When I was in college at RISD, I spent summer at “home” in Cincinnati, working for the City’s Planning Department. I worked on a hillside study examining the slope of the seven hills, did some of the work on planning a park along the river, and worked extensively on what was then (1970’s) the New Findlay Market. If you can put yourself back in the 70’s, you might be able to imagine that I was the only woman (as I recall it) working in the department who was not a secretary.

One of the things that I loved about Cincinnati in the summer was the Cincinnati Summer Opera. My sister and I grew up listening to the NY Metropolitan Opera on the radio on Saturday afternoons sprawled on our mother’s bed. As soon as we were old enough, we started volunteering at the Opera as ushers; first at the Cincinnati Zoo and Botanical Gardens (yes, at the zoo-where singers competed with the barking of seals!), then later at Music Hall (no seals, but maybe too serious a venue for summer?). One weekend, the head of the ushers told us that the next Opera, Manon Lescaut, needed male “extras” (no singing required). Everyone pointed at me because they knew that I worked in an office full of men. I begged my co-workers to come down the few blocks from City Hall to Music Hall for the audition. By the time we got there, they had already filled the roster. I came with my guys for moral support – but I can report that they were happy to get off the hook.

We were just about to leave, when I hear a heavily Italian accented voice yell – “You! Stop!” We turned around and he said again, “You!” It was clear that he meant me. We could see him speaking to his assistant. She excused the guys, but told me that the Italian Director wanted me as an “extra” in almost every scene. Why? He knew that the costumes came from the Italian production and he guessed that I would fit the costumes better than the college age children of donors who usually received this perk. The experience of being onstage in the Opera was one of the highlights of my life. My mother got a big kick out of it, too!

One of my “roles” was to be hand-maiden to the starring Soprano who was quite beautiful. (This is more common now, but then it was more unusual, so she was quite popular with the stage hands). In one scene, I had to hold a towel in front of her while she got out of the tub. The director, wanting authenticity, had the soprano stripped down to nothing but her panties. Only the towel and I were protecting her modesty. We needed to rehearse this separately. Our rehearsal garnered a big group of guys who chanted, “Drop the towel!” It was so funny. When we got to the dress rehearsal, all I could hear (in my mind) was “drop the towel.” I did my job – and nothing extra was exposed. Relief!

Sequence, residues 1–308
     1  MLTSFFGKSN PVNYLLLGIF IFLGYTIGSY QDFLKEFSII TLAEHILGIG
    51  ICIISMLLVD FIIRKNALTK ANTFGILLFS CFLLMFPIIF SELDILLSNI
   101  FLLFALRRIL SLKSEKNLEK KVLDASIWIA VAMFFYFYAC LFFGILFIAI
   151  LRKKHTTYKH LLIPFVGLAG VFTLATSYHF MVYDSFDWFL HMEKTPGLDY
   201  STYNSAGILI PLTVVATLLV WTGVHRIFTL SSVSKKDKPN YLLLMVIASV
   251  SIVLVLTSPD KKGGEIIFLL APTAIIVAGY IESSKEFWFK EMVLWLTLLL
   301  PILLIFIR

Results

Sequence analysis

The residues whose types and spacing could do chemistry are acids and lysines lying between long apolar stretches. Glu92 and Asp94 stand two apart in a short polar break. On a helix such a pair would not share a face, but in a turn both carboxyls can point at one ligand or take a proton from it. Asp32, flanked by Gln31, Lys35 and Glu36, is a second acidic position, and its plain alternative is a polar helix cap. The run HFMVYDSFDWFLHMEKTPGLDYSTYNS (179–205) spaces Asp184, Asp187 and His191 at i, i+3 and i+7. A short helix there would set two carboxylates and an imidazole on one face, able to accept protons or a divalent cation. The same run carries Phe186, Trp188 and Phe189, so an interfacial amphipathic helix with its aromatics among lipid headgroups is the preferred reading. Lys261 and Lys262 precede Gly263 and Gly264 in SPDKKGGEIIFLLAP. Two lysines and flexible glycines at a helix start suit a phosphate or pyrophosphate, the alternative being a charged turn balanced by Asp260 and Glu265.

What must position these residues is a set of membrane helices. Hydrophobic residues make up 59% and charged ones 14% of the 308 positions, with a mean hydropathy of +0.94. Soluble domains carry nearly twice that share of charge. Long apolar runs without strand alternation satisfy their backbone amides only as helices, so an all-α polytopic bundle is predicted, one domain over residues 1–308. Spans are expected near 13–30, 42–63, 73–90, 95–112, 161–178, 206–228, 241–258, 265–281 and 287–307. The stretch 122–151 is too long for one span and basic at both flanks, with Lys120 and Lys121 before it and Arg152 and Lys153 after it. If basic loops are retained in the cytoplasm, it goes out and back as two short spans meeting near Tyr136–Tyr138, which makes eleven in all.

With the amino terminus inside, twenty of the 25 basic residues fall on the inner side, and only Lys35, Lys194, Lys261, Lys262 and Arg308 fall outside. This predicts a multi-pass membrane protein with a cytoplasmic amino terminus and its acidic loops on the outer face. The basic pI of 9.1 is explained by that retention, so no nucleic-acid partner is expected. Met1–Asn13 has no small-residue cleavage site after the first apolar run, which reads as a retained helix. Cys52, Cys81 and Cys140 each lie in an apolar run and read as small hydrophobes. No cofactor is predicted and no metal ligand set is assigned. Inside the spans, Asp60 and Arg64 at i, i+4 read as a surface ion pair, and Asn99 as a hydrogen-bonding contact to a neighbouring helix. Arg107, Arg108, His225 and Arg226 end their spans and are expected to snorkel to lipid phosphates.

For another scene, I waited with the lead Tenor – who told me that I reminded him of his ex-wife. “In what way?” I asked. “You like the same awful perfume,” he replied. In my desire to overcome the tremendous stench of body odor in the costumes, I sprayed the strongest scent I could find in my mother’s assortment or perfumes, Estee Lauder “Youth Dew”. Too funny!

Being so closely involved in almost every scene of the Opera, I got another great lesson in teamwork. Nothing works without everyone participating and doing their jobs. I also learned that sometimes you have to fit the costume, instead of the other way around.

When I look back at my college days, I think about how being open to new ideas, new and sometimes scary experiences, and new people, has made me a better person, a better designer, and a better team player.

If you need LS&A to guide you through your next renovation, we can help you both behind the scenes and onstage.

Leave a Reply

Your email address will not be published. Required fields are marked *